Original Article By Dave Lee At ArsTechnica.com

December 23, 2021-

Growing tensions between Microsoft, Amazon, Alphabet, Meta, and Apple lie behind the death of the Internet Association (IA), the nine-year-old lobby group that was Big Tech’s voice in Washington, according to insiders and industry observers.

The Washington-based group, which dubbed itself the “unified” voice of the internet industry, will shut at the end of the year after both Microsoft and Uber, among others, pulled their financial support, leaving an insurmountable funding gap.

“Our industry has undergone tremendous growth and change,” it said in a statement, adding that its closure was “in line with this evolution.”

The closure is a sign of the increasingly different policy objectives of its Big Tech members, said observers, with Microsoft in particular looking to distance itself from its Silicon Valley peers.

“Microsoft has realized that it doesn’t want to be associated with Google, Facebook and Amazon,” said Barry Lynn, executive director of the Open Markets Institute, an anti-monopoly campaign group. “It’s really, really simple.”

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A number of smaller tech companies had also become frustrated that their priorities were at odds with Big Tech’s agenda.

“This org could’ve saved itself years ago by kicking out everyone with a market cap greater than $500 billion,” tweeted Luther Lowe, Yelp’s head of public policy. Yelp left the association in 2019. “I made this suggestion to the leadership a few years ago, but it was shot down, so we quit.”

A person familiar with Microsoft’s decision-making said the company no longer saw value for money in its involvement with the IA. Membership dues are calculated according to companies’ size, based on revenue.

An earlier report from Politico suggested the biggest contributors, Microsoft among them, were paying up to $800,000 to $1 million per year. Microsoft declined to comment.

Despite being the second most valuable US technology group, Microsoft has been able to dodge the latest focus on antitrust in Congress. Unlike the CEOs of Facebook, Google, Apple and Amazon, Microsoft’s Satya Nadella was left out of the blockbuster congressional hearing in July 2020 that saw the others summoned for a lengthy grilling.

Microsoft has also not yet been the focus of any action announced by Resident Joe Biden’s reinvigorated Federal Trade Commission.

The company, which went through lengthy antitrust scrutiny in the early 2000s that led it to the brink of being broken up, now boasts about a more collaborative approach with regulators. An internal memo written by Microsoft president Brad Smith and sent to staff in June outlined the company’s strategy.

“There will be many days when some in the tech sector will complain loudly about the risks of regulation,” read the memo, which the company shared with the FT. “There are real risks, and they need a fair hearing. But as a company, we will continue to be more focused on adapting to regulation than fighting against it.”

Lynn said Microsoft was keen to distance itself from its rivals because “they’ve been through the wringer. They don’t want to have their emails read, they don’t want to have to go through discovery.”

Microsoft has trailed Amazon and Google in lobbying spend in 2021, according to OpenSecrets, a database based on Senate records.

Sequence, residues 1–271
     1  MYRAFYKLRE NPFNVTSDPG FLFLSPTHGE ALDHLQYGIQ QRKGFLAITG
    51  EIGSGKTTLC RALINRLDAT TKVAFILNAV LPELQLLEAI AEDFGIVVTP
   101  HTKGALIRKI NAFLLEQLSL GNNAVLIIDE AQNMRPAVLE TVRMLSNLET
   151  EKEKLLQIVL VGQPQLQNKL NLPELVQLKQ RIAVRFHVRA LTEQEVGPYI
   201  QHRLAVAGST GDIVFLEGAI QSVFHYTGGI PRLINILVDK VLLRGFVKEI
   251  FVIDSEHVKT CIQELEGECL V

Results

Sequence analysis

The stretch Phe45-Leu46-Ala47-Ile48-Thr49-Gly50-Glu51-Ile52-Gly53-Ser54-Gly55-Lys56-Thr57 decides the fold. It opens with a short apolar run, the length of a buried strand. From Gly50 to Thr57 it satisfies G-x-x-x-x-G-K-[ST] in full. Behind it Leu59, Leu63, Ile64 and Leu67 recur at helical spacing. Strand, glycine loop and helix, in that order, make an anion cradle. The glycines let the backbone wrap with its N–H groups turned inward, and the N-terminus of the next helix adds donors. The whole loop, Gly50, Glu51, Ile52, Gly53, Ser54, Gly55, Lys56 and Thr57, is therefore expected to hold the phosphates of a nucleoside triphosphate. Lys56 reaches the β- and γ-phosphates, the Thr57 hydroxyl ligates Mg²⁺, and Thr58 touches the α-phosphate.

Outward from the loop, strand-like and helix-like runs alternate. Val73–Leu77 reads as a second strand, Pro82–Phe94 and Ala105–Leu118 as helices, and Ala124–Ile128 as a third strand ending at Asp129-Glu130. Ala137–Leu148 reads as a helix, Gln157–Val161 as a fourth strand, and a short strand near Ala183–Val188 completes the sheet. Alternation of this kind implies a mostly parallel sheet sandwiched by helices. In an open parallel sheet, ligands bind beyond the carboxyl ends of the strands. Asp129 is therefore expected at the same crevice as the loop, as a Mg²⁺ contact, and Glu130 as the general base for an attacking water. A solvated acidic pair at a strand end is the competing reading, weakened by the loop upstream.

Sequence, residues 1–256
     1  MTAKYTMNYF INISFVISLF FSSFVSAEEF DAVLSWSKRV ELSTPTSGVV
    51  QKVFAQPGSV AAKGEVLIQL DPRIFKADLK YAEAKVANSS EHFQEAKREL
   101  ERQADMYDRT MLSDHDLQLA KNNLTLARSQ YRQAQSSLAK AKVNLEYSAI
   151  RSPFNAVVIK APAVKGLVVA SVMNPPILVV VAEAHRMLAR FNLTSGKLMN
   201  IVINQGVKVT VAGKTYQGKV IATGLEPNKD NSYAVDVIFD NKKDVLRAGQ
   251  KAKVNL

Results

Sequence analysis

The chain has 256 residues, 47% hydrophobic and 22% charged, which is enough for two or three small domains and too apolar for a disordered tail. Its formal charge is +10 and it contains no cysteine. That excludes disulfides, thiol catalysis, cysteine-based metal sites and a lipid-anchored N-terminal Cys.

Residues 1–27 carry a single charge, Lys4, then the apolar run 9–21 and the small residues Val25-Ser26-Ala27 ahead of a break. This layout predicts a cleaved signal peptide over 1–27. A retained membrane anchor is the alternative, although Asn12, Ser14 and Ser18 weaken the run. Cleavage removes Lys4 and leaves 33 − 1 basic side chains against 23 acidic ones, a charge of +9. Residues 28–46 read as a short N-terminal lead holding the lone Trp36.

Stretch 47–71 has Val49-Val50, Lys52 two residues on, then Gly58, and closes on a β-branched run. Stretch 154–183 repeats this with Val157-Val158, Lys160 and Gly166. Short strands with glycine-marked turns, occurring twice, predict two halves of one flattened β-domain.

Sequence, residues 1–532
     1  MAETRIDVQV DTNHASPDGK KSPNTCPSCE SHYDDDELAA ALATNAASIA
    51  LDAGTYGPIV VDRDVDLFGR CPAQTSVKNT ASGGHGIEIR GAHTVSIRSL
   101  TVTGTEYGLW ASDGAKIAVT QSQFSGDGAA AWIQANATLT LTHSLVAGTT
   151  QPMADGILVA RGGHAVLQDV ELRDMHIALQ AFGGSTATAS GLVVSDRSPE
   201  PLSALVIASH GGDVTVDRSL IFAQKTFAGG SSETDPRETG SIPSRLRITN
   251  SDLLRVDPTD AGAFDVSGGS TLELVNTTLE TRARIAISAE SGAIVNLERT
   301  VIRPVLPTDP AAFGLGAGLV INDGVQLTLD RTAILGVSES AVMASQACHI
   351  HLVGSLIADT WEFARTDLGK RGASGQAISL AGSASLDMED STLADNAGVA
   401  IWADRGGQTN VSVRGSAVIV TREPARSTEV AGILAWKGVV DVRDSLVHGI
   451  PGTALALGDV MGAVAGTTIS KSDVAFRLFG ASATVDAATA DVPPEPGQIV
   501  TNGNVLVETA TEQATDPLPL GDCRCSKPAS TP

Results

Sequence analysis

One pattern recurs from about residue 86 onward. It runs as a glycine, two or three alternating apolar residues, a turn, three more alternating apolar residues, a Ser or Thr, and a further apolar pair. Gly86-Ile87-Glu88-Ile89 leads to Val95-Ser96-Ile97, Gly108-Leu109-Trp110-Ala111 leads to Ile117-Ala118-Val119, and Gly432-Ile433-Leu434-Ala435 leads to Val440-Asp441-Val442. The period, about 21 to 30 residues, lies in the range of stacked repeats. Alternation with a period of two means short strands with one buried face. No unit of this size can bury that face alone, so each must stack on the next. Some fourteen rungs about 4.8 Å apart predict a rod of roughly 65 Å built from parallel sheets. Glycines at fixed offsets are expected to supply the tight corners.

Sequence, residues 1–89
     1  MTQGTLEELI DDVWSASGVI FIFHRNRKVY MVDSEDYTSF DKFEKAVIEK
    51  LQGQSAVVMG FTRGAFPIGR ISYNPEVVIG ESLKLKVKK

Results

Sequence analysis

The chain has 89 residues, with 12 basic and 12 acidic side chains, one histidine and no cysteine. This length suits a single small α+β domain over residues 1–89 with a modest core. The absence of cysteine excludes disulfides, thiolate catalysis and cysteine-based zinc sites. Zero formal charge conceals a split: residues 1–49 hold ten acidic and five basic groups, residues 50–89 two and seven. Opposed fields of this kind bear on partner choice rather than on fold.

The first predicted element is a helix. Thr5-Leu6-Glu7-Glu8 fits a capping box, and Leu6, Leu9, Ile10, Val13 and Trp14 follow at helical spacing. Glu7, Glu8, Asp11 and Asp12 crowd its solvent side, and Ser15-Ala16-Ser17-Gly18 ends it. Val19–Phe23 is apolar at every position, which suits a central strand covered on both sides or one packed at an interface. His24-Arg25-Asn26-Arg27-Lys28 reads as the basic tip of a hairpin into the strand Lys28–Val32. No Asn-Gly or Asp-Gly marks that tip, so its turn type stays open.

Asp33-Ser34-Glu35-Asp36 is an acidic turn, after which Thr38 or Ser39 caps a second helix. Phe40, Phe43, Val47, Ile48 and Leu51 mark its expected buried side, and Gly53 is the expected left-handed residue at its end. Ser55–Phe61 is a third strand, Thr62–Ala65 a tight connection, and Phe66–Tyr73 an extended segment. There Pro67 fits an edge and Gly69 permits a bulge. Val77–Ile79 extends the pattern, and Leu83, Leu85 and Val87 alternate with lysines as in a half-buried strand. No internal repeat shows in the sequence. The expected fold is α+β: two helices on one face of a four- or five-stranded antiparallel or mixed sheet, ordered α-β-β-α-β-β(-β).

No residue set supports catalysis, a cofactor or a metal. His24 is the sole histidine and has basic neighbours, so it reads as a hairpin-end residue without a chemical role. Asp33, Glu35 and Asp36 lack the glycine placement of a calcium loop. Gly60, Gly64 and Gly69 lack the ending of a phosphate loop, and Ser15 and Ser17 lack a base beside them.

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Amazon has been the most active, with $15.3 million spent in the first three quarters of the year, versus $9 million at Google and $7.8m at Microsoft. The figures do not include contributions to trade groups such as the Internet Association.

Meanwhile, other Big Tech companies have a “vested interest” in involving Microsoft in the antitrust debate, said Dan Ives, an analyst with Wedbush. “If Microsoft stays untouched on the antitrust issues, Amazon and Google will be at a clear disadvantage especially on the M&A front in 2022,” he said.

One person familiar with high-level discussions at Amazon said Andy Jassy, the company’s new chief executive, is frustrated that regulators have not looked more closely at his rival.

“Andy Jassy is obsessed with Microsoft,” the person said. “His refrain internally has been ‘they should be going after Microsoft because they’re still doing bad things’.”

Amazon disputed the characterisation of Jassy’s view. But a spokesman said the company did feel Microsoft “should be scrutinized like any other business.”

In Europe, an Amazon-backed trade group for the cloud computing industry has repeatedly taken aim at Microsoft, calling out what it deems to be uncompetitive licensing contracts surrounding “enterprise software,” such as Microsoft’s Office suite.

The Cloud Infrastructure Services Providers in Europe said the forthcoming Digital Markets Act, proposed by the EU, would be a “historic failure” if it failed to cover software providers.

“Legacy software providers must be recognized as gatekeepers and these practices outlawed so that European enterprises are not forced to take expensive and time-consuming legal actions to counter clearly anti-competitive practices,” the group said in a statement at the time.

Meanwhile, a study co-commissioned by Google and published by the Computer & Communications Industry Association in September, declared that 85 percent of productivity software used by US government agencies was from Microsoft.

Tim Banting, the author of the report warned: “The research report outlines a number of consequences to the US government’s over-reliance on a single vendor, including higher costs to taxpayers, less innovation than the private sector and, most importantly, greater risk to the US government for future cyberattacks and national security incidents.”

Google declined to comment on its lobbying tactics.